Wednesday, February 08, 2006

Healthcare vs. the FDA

It is often claimed by opponents of capitalism that without the mechanism of government regulation we would not be safe from the alleged greed of the pharmaceutical companies. Thus the products of pharmaceutical companies are regarded as guilty until proven innocent as if the companies were simply aching to sell fraudulent medications to innocent patients. The drug companies must subject their drugs, which took years to develop and test, to yet further testing by the FDA and only with FDA approval can their drugs be legally sold within the United States. What is less often understood is the role played by this kind of regulation in preventing information about important applications of drugs from reaching doctors and patients.

Leonard Flynn, an advisor to ACSH, writes:

The federal Food and Drug Administration (FDA) recently won a case against Eli Lilly & Co. when the company agreed to plead guilty and pay $36 million in connection with illegal promotion of its pharmaceutical drug Evista. What did the company do to earn such a penalty?

The company illegally promoted its pharmaceutical drug Evista because Lilly employees had advocated the product for "off-label" uses. Evista was approved for the treatment of osteoporosis, but the company was not allowed to breathe a word that Evista might be good for something else. The company did have evidence for the prevention of breast cancer and heart disease, but according to the federal Food, Drug, and Cosmetic Act (FDCA), as interpreted by FDA regulations, promotion of these other uses was forbidden.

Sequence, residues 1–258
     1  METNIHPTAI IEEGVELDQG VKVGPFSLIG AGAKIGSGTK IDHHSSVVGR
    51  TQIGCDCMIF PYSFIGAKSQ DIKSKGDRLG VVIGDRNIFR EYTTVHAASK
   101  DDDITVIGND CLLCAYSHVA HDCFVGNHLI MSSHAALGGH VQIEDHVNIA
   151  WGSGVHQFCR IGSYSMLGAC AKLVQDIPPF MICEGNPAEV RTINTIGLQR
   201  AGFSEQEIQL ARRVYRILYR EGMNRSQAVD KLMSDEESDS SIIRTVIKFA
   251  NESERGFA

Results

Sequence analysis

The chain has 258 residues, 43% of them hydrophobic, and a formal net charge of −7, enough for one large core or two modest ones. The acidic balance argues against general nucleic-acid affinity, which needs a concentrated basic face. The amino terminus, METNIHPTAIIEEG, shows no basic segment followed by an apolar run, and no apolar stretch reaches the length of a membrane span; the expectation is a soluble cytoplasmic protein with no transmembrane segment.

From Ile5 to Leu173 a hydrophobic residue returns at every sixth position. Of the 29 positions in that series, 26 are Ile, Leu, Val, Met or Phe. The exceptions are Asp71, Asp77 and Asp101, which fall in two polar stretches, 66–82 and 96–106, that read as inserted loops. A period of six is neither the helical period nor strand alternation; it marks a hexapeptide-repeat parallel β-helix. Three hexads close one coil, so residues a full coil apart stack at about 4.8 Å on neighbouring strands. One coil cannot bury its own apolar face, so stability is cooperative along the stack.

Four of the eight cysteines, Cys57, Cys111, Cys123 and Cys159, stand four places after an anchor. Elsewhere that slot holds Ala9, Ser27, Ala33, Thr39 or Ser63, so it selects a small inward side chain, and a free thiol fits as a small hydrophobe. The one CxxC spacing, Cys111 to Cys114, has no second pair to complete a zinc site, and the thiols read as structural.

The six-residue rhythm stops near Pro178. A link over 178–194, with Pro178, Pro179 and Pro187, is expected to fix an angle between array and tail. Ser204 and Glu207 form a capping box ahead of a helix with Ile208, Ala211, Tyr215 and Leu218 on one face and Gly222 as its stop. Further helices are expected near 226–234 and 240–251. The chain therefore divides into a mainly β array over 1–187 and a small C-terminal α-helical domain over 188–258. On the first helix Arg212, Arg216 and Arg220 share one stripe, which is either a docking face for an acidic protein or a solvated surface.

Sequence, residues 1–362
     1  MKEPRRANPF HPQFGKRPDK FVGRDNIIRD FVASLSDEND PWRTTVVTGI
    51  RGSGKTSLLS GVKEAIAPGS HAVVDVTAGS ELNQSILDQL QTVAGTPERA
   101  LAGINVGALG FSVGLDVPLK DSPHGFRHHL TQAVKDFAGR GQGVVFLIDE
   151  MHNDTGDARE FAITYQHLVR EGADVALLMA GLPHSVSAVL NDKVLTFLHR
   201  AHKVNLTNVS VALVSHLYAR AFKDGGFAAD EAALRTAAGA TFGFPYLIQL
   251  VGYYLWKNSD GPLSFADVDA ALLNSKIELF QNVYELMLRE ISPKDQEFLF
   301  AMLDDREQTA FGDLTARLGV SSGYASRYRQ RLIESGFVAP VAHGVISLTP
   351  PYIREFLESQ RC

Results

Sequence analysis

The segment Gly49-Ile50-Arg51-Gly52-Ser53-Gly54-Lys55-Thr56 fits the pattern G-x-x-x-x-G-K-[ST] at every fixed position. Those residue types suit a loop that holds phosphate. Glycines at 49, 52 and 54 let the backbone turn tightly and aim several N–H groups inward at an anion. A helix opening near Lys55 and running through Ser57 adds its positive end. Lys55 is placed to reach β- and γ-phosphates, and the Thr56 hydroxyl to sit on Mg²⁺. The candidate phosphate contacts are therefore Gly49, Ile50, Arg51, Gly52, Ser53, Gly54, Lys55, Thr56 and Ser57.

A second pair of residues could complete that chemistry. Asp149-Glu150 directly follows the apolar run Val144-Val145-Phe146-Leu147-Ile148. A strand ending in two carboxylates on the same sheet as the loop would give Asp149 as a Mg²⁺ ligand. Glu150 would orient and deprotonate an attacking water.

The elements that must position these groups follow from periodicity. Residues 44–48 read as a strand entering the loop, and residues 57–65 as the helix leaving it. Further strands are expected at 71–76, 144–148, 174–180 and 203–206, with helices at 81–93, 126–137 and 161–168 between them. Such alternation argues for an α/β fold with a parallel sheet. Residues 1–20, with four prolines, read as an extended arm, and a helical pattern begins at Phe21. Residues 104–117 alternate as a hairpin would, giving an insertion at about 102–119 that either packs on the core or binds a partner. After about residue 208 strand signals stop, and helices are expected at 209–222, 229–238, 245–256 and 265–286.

What was the evidence for Evista's other potential uses? Was it on a limited number of test subjects for a short period of time? Far from it. Flynn continues:
Two research articles were published in the Journal of the American Medical Association (JAMA), a prominent peer-reviewed scientific journal that presented scientific data supporting the use of raloxifene (the chemical name for Evista) for breast cancer prevention and heart protection. The first article was published in 1999, and it showed that raloxifene "reduced the risk of invasive breast cancer by 76% during three years of treatment." This was a substantial study that ran from 1994 through 1998 at 180 clinical centers in twenty-five countries, primarily the United States and countries in Europe, and included a total of 7,705 postmenopausal women with osteoporosis as the subject population. A "secondary analysis" of the same 7,705 women was published in 2002, and it demonstrated a "lower risk of cardiovascular events" for a subset of 1,035 women in the study who had an increased cardiovascular risk when the study began.
The FDA is after power, not health. Sadly, most of the time, evidence of regulation's destructive effects is hard to come by, since it involves what Henry Hazlitt referred to as the unseen results of government intervention, for example, the products that did not make it to the market, the businesses that were not started, the money that was not saved, etc. Neverthess Flynn is quite correct to wonder:

So, who cares if drug companies are prevented from informing doctors about additional uses of their products? The drug companies are obviously highly motivated to distribute favorable scientific information about their products because they can make more sales, it is argued, and FDA rules block the claims because the agency's regulatory power rests on this ability. What difference does this regulatory struggle make? It could make a big difference -- to patients.

In the late 1990s my mother, Inge Flynn, was dying of advanced breast cancer. In 1999, the Evista cancer study was published in JAMA. I wonder: if my mother's doctors had known of the raloxifene study, would they have prescribed it during her illness? Might the "off-label" drug Evista have benefitted her? She died on September 30, 2000.

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